Well, the Marine Corps is going retro. In World War I, the Germans realized that the tripod mounted water-cooled machine gun was not flexible enough for combat that moved fast. They worked on the sub-machinegun and on lighter machine guns, but not until 1935 did they get the idea of a general purpose machine gun out to the troops, the MG-34. Much lighter than water cooled or other exclusively tripod mounted machineguns, it usually deployed from a bipod and gave the infantry squad greater firepower. The system was perfected with the later MG-42. The Germans also invented the assault rifle. Both systems were universally adopted by all the world's armies sooner or later.
During WWII, most of Germany's opponents went half measures, they used magazine fed squad automatic rifles, like the M-1918 (BAR) in the U.S., the Lewis Gun, and the Bren Gun. While used by U.S. and British forces successfully, their shortcomings were obvious. Their magazines restricted their volume of fire and was a great disadvantage when in combat with the German belt fed light machineguns.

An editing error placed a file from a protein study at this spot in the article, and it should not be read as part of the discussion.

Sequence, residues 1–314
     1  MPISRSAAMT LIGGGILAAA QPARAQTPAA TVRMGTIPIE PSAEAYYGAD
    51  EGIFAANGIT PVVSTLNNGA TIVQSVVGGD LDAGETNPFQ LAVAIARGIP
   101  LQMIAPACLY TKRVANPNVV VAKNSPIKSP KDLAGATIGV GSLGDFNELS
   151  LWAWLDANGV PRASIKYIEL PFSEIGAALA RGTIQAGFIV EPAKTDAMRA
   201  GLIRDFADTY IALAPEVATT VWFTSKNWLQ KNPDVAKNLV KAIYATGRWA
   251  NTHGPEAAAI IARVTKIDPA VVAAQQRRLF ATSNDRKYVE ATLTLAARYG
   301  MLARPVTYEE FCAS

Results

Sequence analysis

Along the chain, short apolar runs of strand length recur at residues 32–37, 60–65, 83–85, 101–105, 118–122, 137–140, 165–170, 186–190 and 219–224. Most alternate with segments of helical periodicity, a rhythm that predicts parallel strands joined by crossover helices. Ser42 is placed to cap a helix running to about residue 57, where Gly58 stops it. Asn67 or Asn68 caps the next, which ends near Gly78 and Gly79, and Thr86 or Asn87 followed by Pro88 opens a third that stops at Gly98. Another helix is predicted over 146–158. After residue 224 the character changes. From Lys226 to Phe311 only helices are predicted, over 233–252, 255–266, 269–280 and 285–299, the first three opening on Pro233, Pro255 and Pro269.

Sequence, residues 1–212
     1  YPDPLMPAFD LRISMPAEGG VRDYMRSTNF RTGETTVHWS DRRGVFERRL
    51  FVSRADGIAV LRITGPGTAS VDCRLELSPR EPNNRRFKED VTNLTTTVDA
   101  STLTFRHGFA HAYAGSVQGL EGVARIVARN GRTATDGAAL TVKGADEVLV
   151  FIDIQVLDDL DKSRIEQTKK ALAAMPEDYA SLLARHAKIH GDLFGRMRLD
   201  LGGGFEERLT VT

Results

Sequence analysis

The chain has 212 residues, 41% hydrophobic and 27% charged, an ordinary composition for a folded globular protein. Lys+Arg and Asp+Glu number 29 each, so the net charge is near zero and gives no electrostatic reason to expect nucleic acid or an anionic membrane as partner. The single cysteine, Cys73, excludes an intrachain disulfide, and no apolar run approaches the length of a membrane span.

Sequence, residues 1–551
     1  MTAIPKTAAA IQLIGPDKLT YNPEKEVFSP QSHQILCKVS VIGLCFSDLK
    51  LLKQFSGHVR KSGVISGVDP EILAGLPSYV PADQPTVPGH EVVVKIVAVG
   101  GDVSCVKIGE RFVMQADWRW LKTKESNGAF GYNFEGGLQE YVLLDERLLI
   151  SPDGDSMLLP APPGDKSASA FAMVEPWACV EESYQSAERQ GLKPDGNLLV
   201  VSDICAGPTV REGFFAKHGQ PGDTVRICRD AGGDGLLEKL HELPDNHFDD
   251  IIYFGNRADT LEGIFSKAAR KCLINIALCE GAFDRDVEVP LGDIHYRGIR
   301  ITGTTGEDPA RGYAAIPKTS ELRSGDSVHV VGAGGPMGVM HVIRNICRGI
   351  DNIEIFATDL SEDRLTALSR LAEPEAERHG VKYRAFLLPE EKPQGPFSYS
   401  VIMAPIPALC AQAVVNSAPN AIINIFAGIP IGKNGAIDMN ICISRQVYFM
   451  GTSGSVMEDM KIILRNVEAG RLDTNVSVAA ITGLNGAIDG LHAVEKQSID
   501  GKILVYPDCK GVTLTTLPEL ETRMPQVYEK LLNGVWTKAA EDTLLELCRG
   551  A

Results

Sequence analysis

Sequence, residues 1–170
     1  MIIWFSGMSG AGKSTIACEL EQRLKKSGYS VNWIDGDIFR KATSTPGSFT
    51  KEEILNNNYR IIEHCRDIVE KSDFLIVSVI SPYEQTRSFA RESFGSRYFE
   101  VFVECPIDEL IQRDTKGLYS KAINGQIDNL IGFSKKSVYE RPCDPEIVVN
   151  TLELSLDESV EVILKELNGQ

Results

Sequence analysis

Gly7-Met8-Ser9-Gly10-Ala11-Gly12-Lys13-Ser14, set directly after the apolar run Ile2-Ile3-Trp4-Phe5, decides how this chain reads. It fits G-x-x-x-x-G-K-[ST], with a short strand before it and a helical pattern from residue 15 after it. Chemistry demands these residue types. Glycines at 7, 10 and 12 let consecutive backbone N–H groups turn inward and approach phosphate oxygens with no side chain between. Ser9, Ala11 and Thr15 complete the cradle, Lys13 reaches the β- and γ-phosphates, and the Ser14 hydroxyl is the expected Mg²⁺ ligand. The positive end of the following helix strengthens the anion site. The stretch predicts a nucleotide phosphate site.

All the magazine fed squad automatic rifles were enventually replaced first by the M-60 light machine gun in U.S. forces and the MAG in British forces, then the M-60 was replaced by the M-240, which was also supplemented by the smaller caliber M-249 and variants. All were basically the same German belt-fed light machinegun usually deploying from a bipod.
But, were are going back to the future: The USMC and the Army are looking to replace the M-249 and variants with, the modern equivalent of the BAR or Bren. http://www.military.com/news/article/corps-seeks-replacement-for-m249-saw.html
We will see how this turns out, but the Marines are looking to use a variant of the standard M-16 assault rifle, which has shown its problems in Iraq. It seems that everyone in Iraq that won a medal for combat, including the lost little girl Jessica Lynch's famous battle involved some sort of battle failure of the M-16 varients. Do we really want to go back to the future and continue with a weapon system with reliability problems? Although I will say although the BAR and Bren had issues, mostly weight and conplexity, reliability was not one of them. Hell, why not go to an obscure version, the Johnson light machinegun? At least our Marines and soldiers will have a weapon chambered for a more lethal cartridge.
But the question is: If the M-249 and M-240 are too heavy, why not improve them? Or replace both the the improved version of the M-60; the M-60A4, an improved version of the previous M-60 varieants, lighter in weight and more dependable. Let's not move backward. Guns should be like Camrys, same model, but improved incrementally each year.